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The LVMH Prize Reveals the 20 Semifinalists for Its 2024 Edition

PARIS — The LVMH Prize for Young Designers has revealed the 20 semifinalists of its 11th edition, which saw more than 2,500 applicants — a record number of entries — vying for a bumper 800,000 euros in prize money.

The chosen candidates hail from 18 countries, including for the first time Mexico, Moldavia and Togo. After a 2023 edition dominated by genderless designs, no fewer than nine of the 2024 semifinalists create womenswear, with another four designing for women and men.

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“Once more this year, I’m delighted to welcome so many talented young designers, and I’d like to express my warmest gratitude to all the designers from all over the world who took part. This year’s edition is remarkable for the unique distinctive designs and for the return of sophisticated womenswear collections,” said Delphine Arnault, the force behind the prize and a key talent scout at LVMH Moët Hennessy Louis Vuitton.

The semifinalists are to gather at a showroom on Feb. 29 and March 1 during Paris Fashion Week to present their collections to the press and to the prize’s committee of experts, who will vote to select eight finalists.

“I am very grateful to all the experts who contribute each year to making the LVMH Prize a benchmark for young designers. All this promises an exceptional 2024 edition,” Arnault said.

Once again, the general public will be invited to discover the designers and vote for their favorite collection online.

The overall winner receives a grand prize of 400,000 euros and mentorship by LVMH teams in such areas as sustainable development, communication, copyright and corporate legal aspects, marketing, manufacturing and the financial management of a brand.

The winner of the runner-up Karl Lagerfeld Prize walks away with a 200,000-euro endowment and also enjoys a one-year mentorship.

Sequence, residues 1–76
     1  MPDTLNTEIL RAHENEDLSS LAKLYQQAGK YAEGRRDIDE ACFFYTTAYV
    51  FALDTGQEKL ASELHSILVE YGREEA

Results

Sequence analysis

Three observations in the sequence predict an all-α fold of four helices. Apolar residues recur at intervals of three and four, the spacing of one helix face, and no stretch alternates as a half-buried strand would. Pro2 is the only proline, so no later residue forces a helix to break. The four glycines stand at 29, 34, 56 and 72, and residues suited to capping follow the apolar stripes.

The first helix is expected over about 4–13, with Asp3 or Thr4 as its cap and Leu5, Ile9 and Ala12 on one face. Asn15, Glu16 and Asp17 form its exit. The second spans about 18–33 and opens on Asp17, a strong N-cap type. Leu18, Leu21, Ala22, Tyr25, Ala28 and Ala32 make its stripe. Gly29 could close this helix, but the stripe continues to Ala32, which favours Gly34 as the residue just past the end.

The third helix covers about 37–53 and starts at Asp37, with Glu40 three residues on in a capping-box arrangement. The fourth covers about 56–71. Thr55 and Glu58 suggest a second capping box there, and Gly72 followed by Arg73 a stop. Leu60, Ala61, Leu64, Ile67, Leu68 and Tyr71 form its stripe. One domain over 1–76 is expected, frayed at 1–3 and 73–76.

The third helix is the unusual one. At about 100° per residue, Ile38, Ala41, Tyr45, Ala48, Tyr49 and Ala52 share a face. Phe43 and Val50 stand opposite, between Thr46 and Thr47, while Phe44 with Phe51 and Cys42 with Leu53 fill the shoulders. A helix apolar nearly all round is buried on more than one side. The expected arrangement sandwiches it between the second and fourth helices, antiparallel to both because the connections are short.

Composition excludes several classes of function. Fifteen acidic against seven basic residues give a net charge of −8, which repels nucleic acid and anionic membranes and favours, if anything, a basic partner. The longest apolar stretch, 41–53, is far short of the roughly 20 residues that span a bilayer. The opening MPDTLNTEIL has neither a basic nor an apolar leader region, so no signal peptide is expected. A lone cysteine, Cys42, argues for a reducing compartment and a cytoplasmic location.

A new award, the Savoir-Faire Prize, will come with a grant of 200,000 euros and a one-year mentorship. Aimed at promoting the transmission of skills, it will distinguish a young brand for excellence in craftmanship, innovation in design and production, and its commitment to sustainability, organizers said.

“Many of these brands place research and high aesthetic standards at the heart of their approach, values that are also championed by the new Savoir-Faire Prize. This prize underlines the importance of craftsmanship, innovation and sustainability, three topics at the heart of the fashion and luxury industry commitments today,” Arnault said.

The 20 semifinalists for the 2024 LVMH Prize for Young Designers
The 20 semifinalists for the 2024 LVMH Prize for Young Designers.

The world’s largest luxury group announced last year it would open a dedicated space for craftsmanship in Paris. Set to open in 2025, the Maison des Métiers d’Excellence will allow visitors to discover some of the 280 skilled trades represented across its 75 brands, which range from Louis Vuitton to Tiffany & Co. and Sephora.

It will also provide a physical home for LVMH’s vocational training initiatives, in a move calculated to give the group a competitive edge amid a shortage of skilled workers.

The LVMH Prize is open to fashion designers from all over the world aged between 18 and 40 who have created at least two womenswear, menswear or genderless ready-to-wear collections.

The annual contest has helped propel the careers of such talents as Marine Serre, Nensi Dojaka, Thebe Magugu, Simon Porte Jacquemus and Grace Wales Bonner. Last year’s winner was Setchu by Satoshi Kuwata, a designer who has worked for everyone from a Savile Row tailor to luxury sneakers brand Golden Goose.

The 2024 LVMH Prize also distinguishes three fashion school graduates. Each will receive 10,000 euros and join the design studio of a house within LVMH, whose fashion brands also include Dior, Celine, Givenchy, Fendi, Loewe and Marc Jacobs. Online applications for the student prizes remain open until March 17.

Below is a complete list of the designer semifinalists for the LVMH Prize:

Womenswear and menswear

Agbobly by Jacques Agbobly, Togo
Duran Lantink, Netherlands (also genderless)
Paolo Carzana, U.K.
Who Decides War by Everard Best and Tela D’Amore Best, U.S.

Womenswear

Elena Velez, U.S.
Fidan Novruzova, Moldavia
Hodakova by Ellen Hodakova Larsson, Sweden
Karoline Vitto, Brazil
Marie Adam-Leenaerdt, Belgium
Pauline Dujancourt, France
Standing Ground by Michael Stewart, Ireland
Vautrait by Yonathan Carmel, Israel
Ya Yi by Yayi Chen Zhou, Spain

Menswear

Aubero by Julian Louie, U.S.
Campillo by Patricio Campillo, Mexico
Jiyongkim by Jiyong Kim, South Korea
Khoki by Koki Abe, Japan

Genderless

Chiahung Su by Chia Hung Su, Taiwan
Niccolò Pasqualetti, Italy
Ponder.er by Derek Cheng and Alex Po, China

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